Use of Mobile Health Applications for Health-Seeking Behavior Among US Adults

  • Soumitra S. Bhuyan
  • Ning Lu
  • Aastha Chandak
  • Hyunmin Kim
  • David Wyant
  • Jay Bhatt
  • Satish Kedia
  • Cyril F. Chang
Mobile Systems
Part of the following topical collections:
  1. Mobile Systems

Abstract

This study explores the use of mobile health applications (mHealth apps) on smartphones or tablets for health-seeking behavior among US adults. Data was obtained from cycle 4 of the 4th edition of the Health Information National Trends Survey (HINTS 4). Weighted multivariate logistic regression models examined predictors of 1) having mHealth apps, 2) usefulness of mHealth apps in achieving health behavior goals, 3) helpfulness in medical care decision-making, and 4) asking a physician new questions or seeking a second opinion. Using the Andersen Model of health services utilization, independent variables of interest were grouped under predisposing factors (age, gender, race, ethnicity, and marital status), enabling factors (education, employment, income, regular provider, health insurance, and rural/urban location of residence), and need factors (general health, confidence in their ability to take care of health, Body Mass Index, smoking status, and number of comorbidities). In a national sample of adults who had smartphones or tablets, 36 % had mHealth apps on their devices. Among those with apps, 60 % reported the usefulness of mHealth apps in achieving health behavior goals, 35 % reported their helpfulness for medical care decision-making, and 38 % reported their usefulness in asking their physicians new questions or seeking a second opinion. The multivariate models revealed that respondents were more likely to have mHealth apps if they had more education, health insurance, were confident in their ability to take good care of themselves, or had comorbidities, and were less likely to have them if they were older, had higher income, or lived in rural areas. In terms of usefulness of mHealth apps, those who were older and had higher income were less likely to report their usefulness in achieving health behavior goals. Those who were older, African American, and had confidence in their ability to take care of their health were more likely to respond that the mHealth apps were helpful in making a medical care decision and asking their physicians new questions or for a second opinion. Potentially, mHealth apps may reduce the burden on primary care, reduce costs, and improve the quality of care. However, several personal-level factors were associated with having mHealth apps and their perceived helpfulness among their users, indicating a multidimensional digital divide in the population of US adults.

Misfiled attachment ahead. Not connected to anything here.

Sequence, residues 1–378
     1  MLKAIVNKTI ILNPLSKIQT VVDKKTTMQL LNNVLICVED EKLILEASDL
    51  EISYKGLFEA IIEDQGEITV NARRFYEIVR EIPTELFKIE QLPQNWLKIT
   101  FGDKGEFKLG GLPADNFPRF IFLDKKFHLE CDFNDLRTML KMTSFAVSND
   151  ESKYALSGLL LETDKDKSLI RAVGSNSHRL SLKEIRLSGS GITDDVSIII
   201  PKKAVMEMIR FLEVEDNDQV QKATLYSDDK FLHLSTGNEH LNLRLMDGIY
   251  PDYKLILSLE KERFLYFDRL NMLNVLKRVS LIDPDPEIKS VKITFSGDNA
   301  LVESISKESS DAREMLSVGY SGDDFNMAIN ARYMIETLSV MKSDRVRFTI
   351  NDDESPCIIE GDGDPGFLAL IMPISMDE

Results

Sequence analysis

Keywords

Mobile health Health care apps Smartphones Health-seeking behavior 

References

  1. 1.
    Martínez-Pérez, B., De La Torre-Díez, I., and López-Coronado, M., Privacy and security in mobile health apps: a review and recommendations. J Med Syst 39:1–8, 2015.CrossRefGoogle Scholar
  2. 2.
    Mosa, A. S. M., Yoo, I., and Sheets, L., A systematic review of healthcare applications for smartphones. BMC Med Inform Decis Mak 12:1, 2012.CrossRefGoogle Scholar
  3. 3.
    Zapata, B. C., Fernández-Alemán, J. L., Idri, A., and Toval, A., Empirical studies on usability of mHealth apps: A systematic literature review. J Med Syst 39:1–19, 2015.CrossRefPubMedGoogle Scholar
  4. 4.
    Kuersten, R. (2010) 500 Million People Will be Using Mobile Health Applications in 2015. http://www.prnewswire.com/news-releases/500-million-people-will-be-using-mobile-health-applications-in-2015-107160173.html. Accessed Feb 1st 2016.
  5. 5.
    Bert, F., Giacometti, M., Gualano, M. R., and Siliquini, R., Smartphones and health promotion: a review of the evidence. J Med Syst 38:1–11, 2014.CrossRefGoogle Scholar
  6. 6.
    Alghamdi, M., Gashgari, H., and Househ, M., A Systematic Review of Mobile Health Technology Use in Developing Countries. Stud Health Technol Inform 213:223–226, 2015.PubMedGoogle Scholar
  7. 7.
    Anglada-Martínez, H., Martin-Conde, M., Rovira-Illamola, M., Sotoca-Momblona, J. M., Sequeira, E., Aragunde, V., Moreno, M. A., Catalan, M., and Codina-Jané, C., Feasibility and Preliminary Outcomes of a Web and Smartphone–Based Medication Self-Management Platform for Chronically Ill Patients. J Med Syst 40:1–14, 2016.CrossRefGoogle Scholar
  8. 8.
    Boulos, M. N. K., Brewer, A. C., Karimkhani, C., Buller, D. B. , Dellavalle, R. P., Mobile medical and health apps: state of the art, concerns, regulatory control and certification. Online J Public Health Inform 5, 2014.Google Scholar
  9. 9.
    Hamel, M. B., Cortez, N. G., Cohen, I. G., and Kesselheim, A. S., FDA regulation of mobile health technologies. N Engl J Med 371:372–379, 2014.CrossRefGoogle Scholar
  10. 10.
    Pew Research Center (2005) Trends 2005. http://www.pewresearch.org/files/old-assets/trends/trends2005.pdf. Accessed Feb 1st 2016.